The trusty password is now 60 years old, and in the time of its existence, we’ve seen the introduction of innovative new security technologies such as biometric and facial recognition capabilities, which are being increasingly used in various areas of our lives.
Now when we head off on holiday abroad, ePassport checks at airports are taking advantage of this technology to cut down on queues at security points, and help identify any counterfeit passports being used. The same now applies for those looking to keep their feet on the ground when heading on holiday, with facial recognition technology being used on the Eurostar tunnel to speed up queue times at its terminals.
While it’s certainly encouraging to see these technologies finally being implemented in an age where using a password feels outdated, these integrations can come with risks. As the world gradually adjusts to a new normal, with more people working remotely for the foreseeable future as a second lockdown looms, security threats are likely to increase.
Concerningly, brute force attacks, where a cybercriminal systematically submits multiple passwords until they eventually gain access to the account, has been on the rise since the start of the pandemic. Of equal concern is that only 53 percent of those working in IT security report that their organizations change how their passwords or corporate accounts are managed following such an attack, leaving the business vulnerable to repeated cyberattacks in the future.
As the world of work has transformed, with many businesses now looking to implement remote working practices for the long term, security teams need to assume that all work devices in their network have now been compromised in one way or another – with workers logging in to multiple systems every day as they alternate between home and office environments.
This begs the question for businesses: will passwords still have a place in this new world or is it time to wave them goodbye and opt for newer methods?
The strength of passwords in the new normal
At the core of its benefit, a password is either right or wrong, and there’s no loophole to this. There’s a reason passwords have been used for so long and that is because they are effective. A traditional password can be reset regularly if necessary, and as many times as needed. If a password is breached, it can be changed or replaced which cannot be achieved in biometrics. However, if an
Biometrics and facial recognition have their obvious benefits in a world where cybercriminals have become increasingly sophisticated in their methods. We’ve all been guilty of forgetting a password from time to time. A common way to counter this is to write the password down on a post-it note, but some would argue that this goes against the basic principles of cybersecurity and should be avoided. Biometrics on the other hand remove the pain point of forgetting the password and the risk of trying to make sure you can remember it easily. They streamline log-in processes, making things smoother and arguably safer.
With this in mind, it’s easy to assume the aging password is ready for retirement as it approaches its 60th anniversary. Yet there are still many benefits to using a traditional password. For a start, there’s no grey area or margin for error as, for example, it has been shown that people have been able to open relatives' phones via facial recognition apps.
A hybrid approach
Taking these benefits into account, we can see that the traditional password is too robust a security method to retire completely. But businesses don’t have to choose between the traditional password and biometrics. They can have the best of both – a hybrid approach to security. The standard password should be used in tandem with other methods such as multi-factor authentication (MFA) and the encouragement of password complexity.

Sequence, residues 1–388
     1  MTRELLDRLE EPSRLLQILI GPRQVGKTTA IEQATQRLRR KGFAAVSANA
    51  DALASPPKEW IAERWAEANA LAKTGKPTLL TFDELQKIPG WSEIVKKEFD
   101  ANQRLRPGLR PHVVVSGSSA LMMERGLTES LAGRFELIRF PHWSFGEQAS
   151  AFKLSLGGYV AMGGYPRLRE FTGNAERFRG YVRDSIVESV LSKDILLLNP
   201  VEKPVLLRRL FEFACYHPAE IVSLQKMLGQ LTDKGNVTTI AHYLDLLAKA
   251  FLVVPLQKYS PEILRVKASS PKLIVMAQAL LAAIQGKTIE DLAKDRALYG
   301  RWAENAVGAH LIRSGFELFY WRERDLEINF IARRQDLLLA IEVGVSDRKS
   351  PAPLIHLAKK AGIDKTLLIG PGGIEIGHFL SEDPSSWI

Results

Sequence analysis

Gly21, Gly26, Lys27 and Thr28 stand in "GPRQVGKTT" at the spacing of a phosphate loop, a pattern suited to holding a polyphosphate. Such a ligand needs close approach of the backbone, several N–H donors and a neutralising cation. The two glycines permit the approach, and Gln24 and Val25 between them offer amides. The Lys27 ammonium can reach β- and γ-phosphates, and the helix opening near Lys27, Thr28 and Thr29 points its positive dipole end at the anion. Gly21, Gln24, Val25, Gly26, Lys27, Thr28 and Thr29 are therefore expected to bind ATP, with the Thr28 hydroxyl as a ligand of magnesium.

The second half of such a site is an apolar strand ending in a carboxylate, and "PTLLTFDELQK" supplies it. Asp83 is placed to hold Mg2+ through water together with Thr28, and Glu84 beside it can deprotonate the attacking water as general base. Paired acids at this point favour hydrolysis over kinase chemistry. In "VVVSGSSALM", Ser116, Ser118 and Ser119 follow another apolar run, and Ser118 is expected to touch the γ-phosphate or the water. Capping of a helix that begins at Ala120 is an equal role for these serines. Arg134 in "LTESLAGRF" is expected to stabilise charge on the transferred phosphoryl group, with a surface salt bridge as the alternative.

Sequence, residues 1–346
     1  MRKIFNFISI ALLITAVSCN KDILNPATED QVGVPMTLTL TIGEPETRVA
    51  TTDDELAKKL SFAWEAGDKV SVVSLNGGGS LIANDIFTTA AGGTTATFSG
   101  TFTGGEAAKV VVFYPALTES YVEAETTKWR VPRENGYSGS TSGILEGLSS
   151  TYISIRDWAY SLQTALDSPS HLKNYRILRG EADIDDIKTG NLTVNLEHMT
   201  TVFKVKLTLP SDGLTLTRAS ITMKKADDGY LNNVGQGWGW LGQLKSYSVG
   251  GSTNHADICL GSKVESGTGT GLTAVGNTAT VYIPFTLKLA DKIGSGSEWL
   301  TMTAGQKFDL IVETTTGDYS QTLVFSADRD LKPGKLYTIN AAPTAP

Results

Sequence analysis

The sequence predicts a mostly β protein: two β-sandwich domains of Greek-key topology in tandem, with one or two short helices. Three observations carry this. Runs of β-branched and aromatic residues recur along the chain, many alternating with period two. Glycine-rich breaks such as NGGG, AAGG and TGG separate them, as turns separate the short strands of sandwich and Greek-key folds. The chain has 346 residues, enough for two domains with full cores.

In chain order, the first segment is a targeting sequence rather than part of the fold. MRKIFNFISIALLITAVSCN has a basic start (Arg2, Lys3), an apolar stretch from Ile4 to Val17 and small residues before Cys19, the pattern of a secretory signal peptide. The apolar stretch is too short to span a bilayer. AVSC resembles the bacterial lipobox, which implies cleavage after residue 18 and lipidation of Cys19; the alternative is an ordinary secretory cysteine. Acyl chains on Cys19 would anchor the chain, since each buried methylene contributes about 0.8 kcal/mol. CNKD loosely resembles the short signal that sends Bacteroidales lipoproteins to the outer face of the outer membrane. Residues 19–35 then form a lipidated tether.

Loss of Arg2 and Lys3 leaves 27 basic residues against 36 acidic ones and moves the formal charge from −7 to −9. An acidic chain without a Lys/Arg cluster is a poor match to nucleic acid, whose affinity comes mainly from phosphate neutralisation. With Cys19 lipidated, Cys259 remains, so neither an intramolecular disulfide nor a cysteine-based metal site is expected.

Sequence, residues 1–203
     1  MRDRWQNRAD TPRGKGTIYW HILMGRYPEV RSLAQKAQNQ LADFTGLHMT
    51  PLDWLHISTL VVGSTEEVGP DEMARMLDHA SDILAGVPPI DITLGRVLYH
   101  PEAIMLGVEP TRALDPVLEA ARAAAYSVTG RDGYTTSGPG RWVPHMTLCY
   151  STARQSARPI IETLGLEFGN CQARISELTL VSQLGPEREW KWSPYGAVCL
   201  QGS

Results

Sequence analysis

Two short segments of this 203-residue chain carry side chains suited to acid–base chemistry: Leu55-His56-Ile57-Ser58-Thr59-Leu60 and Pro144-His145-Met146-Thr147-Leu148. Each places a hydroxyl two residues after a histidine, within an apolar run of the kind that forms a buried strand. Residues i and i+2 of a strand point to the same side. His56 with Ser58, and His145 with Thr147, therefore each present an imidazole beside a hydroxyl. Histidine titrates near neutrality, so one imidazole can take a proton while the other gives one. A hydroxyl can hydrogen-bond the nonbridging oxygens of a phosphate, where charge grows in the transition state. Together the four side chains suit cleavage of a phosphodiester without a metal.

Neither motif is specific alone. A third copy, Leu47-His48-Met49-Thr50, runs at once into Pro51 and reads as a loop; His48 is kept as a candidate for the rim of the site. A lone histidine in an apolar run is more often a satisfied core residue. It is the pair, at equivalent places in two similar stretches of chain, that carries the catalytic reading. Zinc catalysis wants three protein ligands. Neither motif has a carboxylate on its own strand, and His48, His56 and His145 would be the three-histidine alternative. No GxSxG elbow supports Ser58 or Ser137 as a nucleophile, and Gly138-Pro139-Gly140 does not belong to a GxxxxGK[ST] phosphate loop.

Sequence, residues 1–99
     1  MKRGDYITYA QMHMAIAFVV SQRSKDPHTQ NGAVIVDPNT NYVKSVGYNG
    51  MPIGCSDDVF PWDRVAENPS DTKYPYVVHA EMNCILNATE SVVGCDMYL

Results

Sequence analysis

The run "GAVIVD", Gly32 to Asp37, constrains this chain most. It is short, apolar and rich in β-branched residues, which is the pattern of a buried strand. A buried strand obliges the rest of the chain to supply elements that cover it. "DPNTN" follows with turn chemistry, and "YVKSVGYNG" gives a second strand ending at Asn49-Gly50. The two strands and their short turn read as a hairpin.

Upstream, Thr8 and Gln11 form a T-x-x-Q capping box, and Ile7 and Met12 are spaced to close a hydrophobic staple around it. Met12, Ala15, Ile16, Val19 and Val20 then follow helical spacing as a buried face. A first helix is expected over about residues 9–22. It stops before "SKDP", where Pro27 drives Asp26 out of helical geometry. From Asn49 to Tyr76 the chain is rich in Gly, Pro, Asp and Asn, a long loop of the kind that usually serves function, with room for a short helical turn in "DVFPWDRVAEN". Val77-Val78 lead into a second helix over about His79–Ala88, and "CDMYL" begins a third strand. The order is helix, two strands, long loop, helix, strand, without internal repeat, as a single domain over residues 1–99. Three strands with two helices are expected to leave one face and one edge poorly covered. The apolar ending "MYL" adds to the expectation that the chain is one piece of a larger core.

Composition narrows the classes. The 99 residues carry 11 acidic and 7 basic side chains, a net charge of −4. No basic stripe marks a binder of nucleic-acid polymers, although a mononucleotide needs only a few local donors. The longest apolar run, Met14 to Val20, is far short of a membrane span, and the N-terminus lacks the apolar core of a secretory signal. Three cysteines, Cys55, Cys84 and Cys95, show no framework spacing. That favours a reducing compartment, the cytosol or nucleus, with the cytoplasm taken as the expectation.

Through adding additional layers of protection such as sending an authentication code to your phone once you’ve entered your password, MFA ultimately allows your security capabilities to be expanded. The security of your organization will become more robust with every layer that’s added. What’s more, with MFA in place, there is no need for periodic password resets. Complex passwords which are now mandatory when registering on many websites provides further protection against your account being breached.
The use of biometric technology can be used in tandem with traditional passwords, adding increased protection. Some of the biggest corporations already run such systems, such as Apple giving users the option to login to their iPhones via face ID. If that fails for any reason, the user still has the option to use their traditional password. This could be the way forward in devising comprehensive security strategies.
Biometric and facial recognition technology certainly offer unique benefits, enabling speed and ease in place of passwords without jeopardizing security. But passwords still perform a vital role and do it very well. Traditional passwords shouldn’t be brushed aside to make way for new technology until that new technology is absolutely fool proof.
This is even more important when viewed in the context of remote working, where a multitude of devices are now being used in various locations while being connected to the company network. By implementing an effective combination of password protection and newer technologies such as biometrics, businesses can be rest assured that they are mitigating risk during a time where devices are less visible, both literally and in terms of the company network.
Organizations need to be aware of the risks that come with adopting biometric technology as a sole form of security, as the ensuing data breaches could be catastrophic. When used in tandem with MFA and password complexity, traditional passwords will continue fulfil their purpose in ensuring the ultimate level of security.
Rajesh Ganesan, vice president, ManageEngine